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Discussion in 'Where am I? Where are you!' started by LeBlackbird, Sep 24, 2009.
So it's done to save on feed costs?
Yup, I always do the "colony breeding" setup. The "religious" BQ folk will claim that it's cruelty and "wrong", but if you have pairs, they tend to strip the females... Sure, they may pair in the wild, but they also have large breeding areas and can choose their partners at will, not get stuck in a pen with a mate they hate. So, colony breeding is all I'll use anymore.
It saves on feed cost and is healthier for the birds. The feed is "pre-digested" so they can absorb more of the nutrients. It helps with poop too. The cornish cross have great poop, although my kids have caught the blame before for pooping in the driveway when it was actually a chicken turd... The cornish cross certainly know how to poop.
I use 5 gallon buckets. Fill 2/3 full with your preferred mix of feeds. Add 1-2 cups unpasteurized apple cider vinegar. Fill to 3/4 full with slightly warm water & stir. Add 1/2 cup of brown sugar if desired to kick start the process. Allow to set 24 hours stirring once or twice & adding water as needed to keep a thin layer of water over the top of the feed. Strain out as much water as possible & feed to the birds. Sometimes it takes a couple days to get a good reaction going, but you should start seeing bubbles & foam in your bucket within 6-48 hours depending on how warm the area you are keeping your bucket is. Once your reaction starts, just add feed & water each day after dipping out the feed you need for that day. Leave the liquid in the bucket to keep the fermentation going.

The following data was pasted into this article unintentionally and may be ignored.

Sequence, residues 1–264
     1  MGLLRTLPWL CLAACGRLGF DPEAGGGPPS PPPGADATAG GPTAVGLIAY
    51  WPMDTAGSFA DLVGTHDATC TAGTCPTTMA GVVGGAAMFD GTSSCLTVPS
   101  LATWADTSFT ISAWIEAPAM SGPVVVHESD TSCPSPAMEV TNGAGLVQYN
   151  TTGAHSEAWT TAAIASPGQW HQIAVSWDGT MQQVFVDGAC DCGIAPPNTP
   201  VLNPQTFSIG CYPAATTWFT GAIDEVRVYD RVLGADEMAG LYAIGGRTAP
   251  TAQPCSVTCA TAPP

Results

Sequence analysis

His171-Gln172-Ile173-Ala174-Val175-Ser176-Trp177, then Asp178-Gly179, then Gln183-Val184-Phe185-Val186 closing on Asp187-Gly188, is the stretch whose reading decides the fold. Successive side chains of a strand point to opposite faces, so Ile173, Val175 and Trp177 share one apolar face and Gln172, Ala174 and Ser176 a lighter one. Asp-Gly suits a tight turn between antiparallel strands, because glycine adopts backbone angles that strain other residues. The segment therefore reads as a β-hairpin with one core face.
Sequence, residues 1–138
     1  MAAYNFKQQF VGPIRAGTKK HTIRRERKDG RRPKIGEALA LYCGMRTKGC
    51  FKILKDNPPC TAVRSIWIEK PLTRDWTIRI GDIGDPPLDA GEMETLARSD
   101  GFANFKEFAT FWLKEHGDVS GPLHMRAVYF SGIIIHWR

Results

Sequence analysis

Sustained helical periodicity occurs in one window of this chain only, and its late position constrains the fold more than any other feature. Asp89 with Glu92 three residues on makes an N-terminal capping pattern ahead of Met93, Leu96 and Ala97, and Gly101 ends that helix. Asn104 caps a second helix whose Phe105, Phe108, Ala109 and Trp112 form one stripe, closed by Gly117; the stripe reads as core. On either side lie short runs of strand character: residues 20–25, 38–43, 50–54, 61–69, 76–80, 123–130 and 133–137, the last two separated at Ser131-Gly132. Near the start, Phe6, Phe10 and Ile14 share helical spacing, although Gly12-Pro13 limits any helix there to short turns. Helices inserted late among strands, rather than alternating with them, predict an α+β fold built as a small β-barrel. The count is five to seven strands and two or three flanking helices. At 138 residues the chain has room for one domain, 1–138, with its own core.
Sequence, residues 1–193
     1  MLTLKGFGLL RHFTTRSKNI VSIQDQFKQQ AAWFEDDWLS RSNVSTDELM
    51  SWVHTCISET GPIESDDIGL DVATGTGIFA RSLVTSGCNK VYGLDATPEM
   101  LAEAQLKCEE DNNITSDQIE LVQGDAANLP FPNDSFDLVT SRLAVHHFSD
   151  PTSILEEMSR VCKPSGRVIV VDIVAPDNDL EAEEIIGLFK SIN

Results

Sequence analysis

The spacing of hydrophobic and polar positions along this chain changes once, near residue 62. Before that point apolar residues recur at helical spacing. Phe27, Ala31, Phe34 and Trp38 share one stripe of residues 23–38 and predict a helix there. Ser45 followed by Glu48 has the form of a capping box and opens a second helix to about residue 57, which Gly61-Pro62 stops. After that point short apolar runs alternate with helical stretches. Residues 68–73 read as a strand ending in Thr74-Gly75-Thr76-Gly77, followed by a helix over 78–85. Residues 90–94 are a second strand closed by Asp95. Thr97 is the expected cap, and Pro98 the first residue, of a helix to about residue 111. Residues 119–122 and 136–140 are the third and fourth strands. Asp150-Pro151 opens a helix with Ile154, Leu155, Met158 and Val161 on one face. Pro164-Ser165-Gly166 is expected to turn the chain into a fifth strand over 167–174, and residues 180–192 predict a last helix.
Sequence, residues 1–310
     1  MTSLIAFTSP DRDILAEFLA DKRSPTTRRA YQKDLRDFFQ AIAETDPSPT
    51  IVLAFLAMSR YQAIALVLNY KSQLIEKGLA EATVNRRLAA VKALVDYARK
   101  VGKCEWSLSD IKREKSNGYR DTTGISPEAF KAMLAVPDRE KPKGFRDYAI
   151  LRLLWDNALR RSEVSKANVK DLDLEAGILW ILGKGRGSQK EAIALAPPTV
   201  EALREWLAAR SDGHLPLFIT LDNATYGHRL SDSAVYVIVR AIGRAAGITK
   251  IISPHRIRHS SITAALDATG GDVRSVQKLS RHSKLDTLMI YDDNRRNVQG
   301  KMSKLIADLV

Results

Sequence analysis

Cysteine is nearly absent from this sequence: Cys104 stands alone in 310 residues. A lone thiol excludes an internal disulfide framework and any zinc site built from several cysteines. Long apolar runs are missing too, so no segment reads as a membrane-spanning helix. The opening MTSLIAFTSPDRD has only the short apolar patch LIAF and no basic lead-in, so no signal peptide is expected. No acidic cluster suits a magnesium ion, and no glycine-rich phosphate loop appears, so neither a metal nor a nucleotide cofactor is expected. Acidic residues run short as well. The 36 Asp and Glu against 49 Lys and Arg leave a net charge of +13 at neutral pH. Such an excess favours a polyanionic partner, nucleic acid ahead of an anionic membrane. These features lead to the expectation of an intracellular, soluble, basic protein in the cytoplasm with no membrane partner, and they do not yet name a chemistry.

Benefits include increased egg production, weight gain, less feed waste, less feed used. Reasons: Fermented feed is easier for the birds to digest & they get more of the nutritional value from the feed. Any feed containing soy is actually toxic unless roasted or fermented.
I hadn't heard about this method. More details please. I use the UPACV method.
Does anyone want any coturnix chicks? I have two that hatched through the night and I'd rather not have a brooder for just two (I was just checking fertility).
I'm always collecting new blood lines, but not sure how far away you are. I'm just south of Wheeling in Ohio.
It's really as simple as I typed. I'm lazy like that! I don't use any calculations, I just do it by eye. Sprinkle maybe a tbsp of yeast on your dry mash (or pellets or whatever, but mash is cheaper), mix it up, add water and mix it up until EVERYTHING is moist. I like to add just enough water that I can level the top off and it's kind of like a cow patty. If it's crumbly, it needs more water.
I will try to get a picture up later.